Search Results: "Philip Roth"


BOOK REVIEW

EVERYMAN by Philip Roth
FICTION & LITERATURE
Released: May 9, 2006

"A rich exploration of the epiphany that awaits us all—that 'life's most disturbing intensity is death.'"
Roth follows his recent succession of critically acclaimed novels (e.g., American Pastoral, 1997; The Plot Against America, 2004) with a compact meditation on mortality, which partially echoes his 1991 memoir-novel Patrimony. Read full book review >

BOOK REVIEW

PATRIMONY  by Philip Roth
BIOGRAPHY & MEMOIR
Released: Feb. 11, 1990

"An elegy of overwhelming horror and pity—filled with Roth's graceful prose and narrative control, but also with a humanity sometimes missing in his other work."
Roth has used the relationship between his life and art in a gimmicky way in his fiction, and even his brutal memoir The Facts (1988) was not free of this defect. Read full book review >

BOOK REVIEW

READING MYSELF AND OTHERS by Philip Roth
FICTION & LITERATURE
Released: May 30, 1975

"This time anyone can play Dr. Spielvogel."
This is an act of self-vindication, an expression of Philip Roth's "continuing need for self-analysis and self-justification," a valiant defense of the naked and exposed "moral flank" some critics have found obscene. Read full book review >

BOOK REVIEW

INDIGNATION by Philip Roth
FICTION & LITERATURE
Released: Sept. 16, 2008

"A twist in narrative perspective reinforces this novel's timelessness."
In a plot that evokes the author's earlier work, Roth (Exit Ghost, 2007, etc.) focuses on a young man's collegiate coming of age against the deadly backdrop of the Korean War. Read full book review >

BOOK REVIEW

LETTING GO by Philip Roth
FICTION & LITERATURE
Released: June 15, 1962

"It will get attention."
This is Philip Roth's first novel, following Goodbye Columbus, his exhilarating, uncompromising collection of short stories. Read full book review >

BOOK REVIEW

PORTNOY'S COMPLAINT by Philip Roth
FICTION & LITERATURE
Released: Feb. 17, 1968

"Masterful in parts, phony in others, but obviously a 'hot' best-seller."
There are two voices in Portnoy's Complaint, Philip Roth's quasi-autobiographical tour de force, though both voices are the voices of the hero. Read full book review >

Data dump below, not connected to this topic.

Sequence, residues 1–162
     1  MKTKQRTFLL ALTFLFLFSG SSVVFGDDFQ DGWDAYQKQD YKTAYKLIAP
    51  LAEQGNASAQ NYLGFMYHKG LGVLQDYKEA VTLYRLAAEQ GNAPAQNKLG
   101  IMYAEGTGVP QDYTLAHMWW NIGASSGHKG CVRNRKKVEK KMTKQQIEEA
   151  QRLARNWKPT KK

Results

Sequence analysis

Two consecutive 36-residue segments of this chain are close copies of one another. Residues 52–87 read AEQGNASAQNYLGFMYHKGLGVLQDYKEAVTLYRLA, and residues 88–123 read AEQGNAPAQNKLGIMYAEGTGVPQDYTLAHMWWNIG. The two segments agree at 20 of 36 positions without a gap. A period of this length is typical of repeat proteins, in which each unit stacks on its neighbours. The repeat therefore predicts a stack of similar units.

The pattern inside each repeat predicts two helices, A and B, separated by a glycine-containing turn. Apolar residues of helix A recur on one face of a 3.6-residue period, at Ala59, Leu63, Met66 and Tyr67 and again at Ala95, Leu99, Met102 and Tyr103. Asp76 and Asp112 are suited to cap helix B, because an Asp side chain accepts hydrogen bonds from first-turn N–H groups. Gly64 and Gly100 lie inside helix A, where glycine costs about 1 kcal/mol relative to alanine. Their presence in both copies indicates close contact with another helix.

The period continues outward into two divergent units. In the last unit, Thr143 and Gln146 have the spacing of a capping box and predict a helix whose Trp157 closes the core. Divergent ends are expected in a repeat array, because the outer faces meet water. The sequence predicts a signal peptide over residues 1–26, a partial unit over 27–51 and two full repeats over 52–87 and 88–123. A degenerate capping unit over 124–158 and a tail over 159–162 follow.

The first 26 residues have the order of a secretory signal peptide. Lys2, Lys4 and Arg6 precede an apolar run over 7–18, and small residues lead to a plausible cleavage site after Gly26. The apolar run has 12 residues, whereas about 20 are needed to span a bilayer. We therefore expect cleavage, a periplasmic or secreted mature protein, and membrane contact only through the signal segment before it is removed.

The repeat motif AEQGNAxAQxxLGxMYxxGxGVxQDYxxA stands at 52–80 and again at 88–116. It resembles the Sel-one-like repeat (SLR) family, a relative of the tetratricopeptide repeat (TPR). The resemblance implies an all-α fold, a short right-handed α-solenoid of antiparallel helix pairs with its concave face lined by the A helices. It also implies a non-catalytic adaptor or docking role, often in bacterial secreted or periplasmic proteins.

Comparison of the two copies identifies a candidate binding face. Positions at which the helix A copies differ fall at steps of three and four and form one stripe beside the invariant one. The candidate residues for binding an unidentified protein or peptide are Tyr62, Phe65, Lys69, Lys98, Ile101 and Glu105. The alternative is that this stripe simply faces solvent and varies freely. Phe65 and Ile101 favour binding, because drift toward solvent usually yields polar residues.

BOOK REVIEW

THE GHOST WRITER by Philip Roth
FICTION & LITERATURE
Released: Sept. 19, 1979

"Elegantly floating and at the same time firmly grounded to home and heart—a sonata-like masterwork."
Is it possible that Portnoy's Complaint will some day be remembered only as the book that made Philip Roth famous enough to afford to write great, quiet novellas later on? Read full book review >

BOOK REVIEW

I MARRIED A COMMUNIST by Philip Roth
MYSTERY THRILLER
Released: Oct. 22, 1998

"Despite its superb re-creation of the conflicted 1940s and the ordeal of the American Left, along with a plethora of sharply realized ideologues at verbal war, this very talky book is an example of Roth at his most forceful and eloquent, though perhaps rather less than his best."
Following the spectacular success of its immediate predecessor, American Pastoral (1997), Roth's ambitious new novel is another chronicle of innocence and idealism traduced—the demolition of what one of its characters calls "the myth of your own goodness." Read full book review >

BOOK REVIEW

THE PLOT AGAINST AMERICA by Philip Roth
FICTION & LITERATURE
Released: Oct. 5, 2004

"An almost unbelievably rich book, and another likely major prizewinner."
A politically charged alternate history in which Aryan supremacist hero Charles Lindbergh unseats FDR in 1940—with catastrophic consequences for America's Jews. Read full book review >

BOOK REVIEW

THE HUMBLING by Philip Roth
FICTION & LITERATURE
Released: Nov. 2, 2009

"Allusive, elusive and peppered with mordant wit to a downright Strindbergian degree—one of Roth's most eloquent, painful and memorable books."
Another concise, bruising examination of sexual obsession in early old age from Roth (Indignation, 2008, etc.). Read full book review >

BOOK REVIEW

Released: June 1, 1985

"A slight addition to the Zuckerman epic, then, but one that throws the work's Jewish themes into some strong relief."
Roth's last three novels—The Ghost Writer, Zuckerman Unbound, The Anatomy Lesson—have all dealt with the adventures, the headaches and neckaches, the ancestral burdens and complaints of novelist Nathan Zuckerman; here these three books are reprinted in full, then capped by a new, 83-page epilogue, "The Prague Orgy." Read full book review >

BOOK REVIEW

THE COUNTERLIFE by Philip Roth
FICTION & LITERATURE
Released: Jan. 1, 1986

"Certainly Roth's most complex, ambitious work—and one of his best."
Much of the last two decades' metafictional nattering is made to look like so much sandbox-play by Roth's new novel; if the technique of ostensibly real characters imagining they're in books (and vice-versa) has a fatal flaw, it's that neither character nor book usually tackles the unbearable alibis, transgressions, and needs—and the punishingly naked absurdity—that both art and life seem to demand. Read full book review >